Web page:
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Houston Catholic Charities Accused Of Covering Up Abuse Of 8-year-old


Harris County, Texas sheriff’s officials have confirmed that detectives are investigating the sexual assault of an 8-year old boy at the St. Michael’s Home for Children. They are also going to be reviewing whether the shelter staff violated any laws regarding the handling the incident. The federal Office of Refugee Resettlement has issued what is being described as a scathing report which accuses senior managers within the Catholic Charities Galveston-Houston shelter program of filing false reports regarding the 1 July assault.

What is more, the managers are accused of not seeking immediate medical treatment for the boy, who was anally penetrated.

It was not until 5 August when detectives were first assigned to the case, according to Deputy Thomas Gilliland a spokesman for the department. The investigation was requested by the Texas Department of Family and Protective Services. Apparently, a teacher walked in on a 10-year-old boy sexually assaulting the 8-year-old in the shelter. The teacher then told an assistant shelter coordinator.

The 8-year-old was talked to by a child psychologist and forensic specialist this past August, and he reported that he had been abused or assaulted repeatedly by a second child who is reported to be 11. The investigation is still pending into the allegations.

Catholic Charities officials have stated that the boy did not make any report of sexual assault before 1 July, and that they then contacted the child-care licensing officials that day. The DFPS has corrected its initial report to state that they were first notified of the incident on 13 July, which means that they delayed at least two weeks before calling in police.

According to the Houston Chronicle:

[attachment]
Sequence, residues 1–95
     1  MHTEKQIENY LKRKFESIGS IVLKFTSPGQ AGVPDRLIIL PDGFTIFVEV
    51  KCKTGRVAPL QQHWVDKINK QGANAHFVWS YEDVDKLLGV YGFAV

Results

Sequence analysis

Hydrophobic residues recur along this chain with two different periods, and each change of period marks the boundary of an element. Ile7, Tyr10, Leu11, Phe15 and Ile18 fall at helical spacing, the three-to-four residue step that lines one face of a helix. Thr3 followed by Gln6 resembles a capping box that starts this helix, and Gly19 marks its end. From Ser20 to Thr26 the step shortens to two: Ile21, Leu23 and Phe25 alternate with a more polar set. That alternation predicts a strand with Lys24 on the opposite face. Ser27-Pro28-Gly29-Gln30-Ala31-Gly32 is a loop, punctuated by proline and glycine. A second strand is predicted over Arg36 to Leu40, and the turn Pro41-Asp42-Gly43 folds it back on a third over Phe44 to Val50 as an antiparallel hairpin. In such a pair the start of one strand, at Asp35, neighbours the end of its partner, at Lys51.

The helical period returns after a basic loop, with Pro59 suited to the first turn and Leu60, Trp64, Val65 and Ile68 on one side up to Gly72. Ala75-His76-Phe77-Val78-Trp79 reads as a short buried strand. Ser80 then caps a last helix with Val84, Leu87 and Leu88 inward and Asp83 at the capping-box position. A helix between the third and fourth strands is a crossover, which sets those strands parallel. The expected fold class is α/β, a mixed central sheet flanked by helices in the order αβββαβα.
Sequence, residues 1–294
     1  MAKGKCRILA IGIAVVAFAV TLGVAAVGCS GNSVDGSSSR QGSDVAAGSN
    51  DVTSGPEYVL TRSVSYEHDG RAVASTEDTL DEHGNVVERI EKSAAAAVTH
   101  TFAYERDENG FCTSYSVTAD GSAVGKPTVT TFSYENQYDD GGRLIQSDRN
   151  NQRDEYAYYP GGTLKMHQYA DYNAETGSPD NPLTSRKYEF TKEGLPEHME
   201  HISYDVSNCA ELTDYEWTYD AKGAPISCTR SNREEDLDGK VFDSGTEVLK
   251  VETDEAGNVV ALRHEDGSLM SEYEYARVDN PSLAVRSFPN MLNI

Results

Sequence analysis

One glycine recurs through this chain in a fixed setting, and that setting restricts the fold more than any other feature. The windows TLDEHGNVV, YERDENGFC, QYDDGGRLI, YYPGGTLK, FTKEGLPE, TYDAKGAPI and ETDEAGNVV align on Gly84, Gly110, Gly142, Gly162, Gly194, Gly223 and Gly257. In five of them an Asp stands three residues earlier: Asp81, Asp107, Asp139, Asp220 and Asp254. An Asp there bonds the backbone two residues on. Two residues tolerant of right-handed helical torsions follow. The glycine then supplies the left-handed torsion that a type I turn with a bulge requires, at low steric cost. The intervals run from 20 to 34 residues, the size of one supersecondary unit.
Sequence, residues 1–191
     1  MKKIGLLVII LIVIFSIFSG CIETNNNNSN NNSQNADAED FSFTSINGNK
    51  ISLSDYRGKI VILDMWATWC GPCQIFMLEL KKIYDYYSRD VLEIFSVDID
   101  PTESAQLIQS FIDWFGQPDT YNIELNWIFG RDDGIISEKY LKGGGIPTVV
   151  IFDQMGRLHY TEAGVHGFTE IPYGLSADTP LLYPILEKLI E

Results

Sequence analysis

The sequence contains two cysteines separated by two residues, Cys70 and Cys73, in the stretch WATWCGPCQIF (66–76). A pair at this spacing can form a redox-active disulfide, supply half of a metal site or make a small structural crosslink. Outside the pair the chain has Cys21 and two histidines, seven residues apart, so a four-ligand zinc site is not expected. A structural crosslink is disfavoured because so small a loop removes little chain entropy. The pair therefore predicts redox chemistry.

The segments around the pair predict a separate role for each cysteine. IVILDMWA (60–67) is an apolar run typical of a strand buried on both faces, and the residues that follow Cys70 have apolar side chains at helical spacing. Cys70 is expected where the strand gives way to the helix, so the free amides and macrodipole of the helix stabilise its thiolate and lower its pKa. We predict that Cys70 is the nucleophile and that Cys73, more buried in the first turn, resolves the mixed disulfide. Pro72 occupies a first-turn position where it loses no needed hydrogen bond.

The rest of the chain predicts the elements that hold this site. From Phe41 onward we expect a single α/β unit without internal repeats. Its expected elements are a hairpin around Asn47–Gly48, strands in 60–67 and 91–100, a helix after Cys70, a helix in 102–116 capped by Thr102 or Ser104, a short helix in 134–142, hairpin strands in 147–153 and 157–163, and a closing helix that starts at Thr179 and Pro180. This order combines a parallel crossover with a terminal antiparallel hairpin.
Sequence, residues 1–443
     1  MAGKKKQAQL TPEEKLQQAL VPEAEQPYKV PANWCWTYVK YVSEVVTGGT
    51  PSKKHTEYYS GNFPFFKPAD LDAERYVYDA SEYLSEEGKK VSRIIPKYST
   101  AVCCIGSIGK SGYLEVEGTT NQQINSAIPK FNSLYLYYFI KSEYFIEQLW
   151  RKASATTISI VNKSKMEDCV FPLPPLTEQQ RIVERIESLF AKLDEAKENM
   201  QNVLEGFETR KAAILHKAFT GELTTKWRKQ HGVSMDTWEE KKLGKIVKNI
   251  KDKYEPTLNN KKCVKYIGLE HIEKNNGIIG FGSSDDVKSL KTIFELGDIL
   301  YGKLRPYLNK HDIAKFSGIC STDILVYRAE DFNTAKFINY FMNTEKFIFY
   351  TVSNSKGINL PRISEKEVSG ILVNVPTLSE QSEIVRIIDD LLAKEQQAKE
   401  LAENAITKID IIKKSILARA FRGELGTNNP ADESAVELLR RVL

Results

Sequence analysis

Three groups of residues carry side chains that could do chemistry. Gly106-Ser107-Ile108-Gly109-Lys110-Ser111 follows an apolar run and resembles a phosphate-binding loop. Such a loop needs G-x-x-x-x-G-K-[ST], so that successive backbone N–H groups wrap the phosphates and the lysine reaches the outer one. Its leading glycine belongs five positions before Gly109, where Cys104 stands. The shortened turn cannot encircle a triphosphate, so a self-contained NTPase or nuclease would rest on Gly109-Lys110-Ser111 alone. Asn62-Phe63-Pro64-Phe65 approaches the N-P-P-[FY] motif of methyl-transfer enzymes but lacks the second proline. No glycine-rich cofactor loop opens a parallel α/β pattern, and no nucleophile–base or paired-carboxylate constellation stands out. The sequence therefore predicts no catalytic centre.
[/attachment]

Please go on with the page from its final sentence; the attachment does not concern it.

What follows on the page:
Catholic Charities officials said Monday that the boy did not make any report of a sexual assault before July 1 and that they contacted state child-care licensing officials that same day.

The Texas Department of Family and Protective Services (DFPS) on Monday corrected its earlier report that the state was first notified on July 13 of an incident at the shelter.

Patrick Crimmins, a spokesman with DFPS, said the shelter “self-notified” the agency of an incident within 24 hours of the July 1 assault, but he could not provide any additional details of what specific allegations the shelter workers reported to the state.

He said a “technical mix-up” resulted in the report not being investigated, and that the state was still trying to determine what exactly happened with the case. DFPS officials opened an investigation into the incident on July 13, and documented deficiencies at the shelter that were later corrected, he said.

The Office of Refugee Resettlement places children and teenagers caught crossing the border without family members into the temporary care of others, including with Catholic Charities. ORR has informed Catholic Charities that they will be removing all children and youths from the organization’s three Houston-area shelters, at least temporarily, because they found that the Catholic Charity’s management “deliberately misled” the ORR about the incident.

The shelter’s management did not report the incident to federal officials until 5 July, and the report did not mention the sexual assault. What is more, it was not until 5 July that the workers at the shelter sought medical treatment for the child. According to the ORR report “ORR discovered there was an intentional plan by CCGH Senior Management to intimidate and or pressure staff to not disclose material facts of the July 1, 2011, incident to ORR in order to ‘protect the program.’”

Catholic Charities officials also said on Monday that the ‘senior management’ cited in the federal report referred to St. Michael’s program management and not the executive level Catholic Charities managers. They issued a statement saying “when Catholic Charities learned of ORR’s concerns, the individual employee at St. Michael’s responsible for those concerns was subsequently terminated.”

The ORR report demands that Catholic Charities identify and reprimand the staff responsible for the delay in seeking medical care for the 8-year-old. Some staff noted that the child was withdrawn and queit after the assault. They also called for the removal from the ORR program of those staff found to have falsified the incident reports.

The ORR has removed all but five of the 72 youths in the care of Catholic Charities Galvaston-Houston.

Of course, in Illinois, Catholic Charities is busy working to try and prevent the loss of their ability to house children, and offer them up for foster care.  Perhaps they should be more worried about the children than they are about protecting their money.

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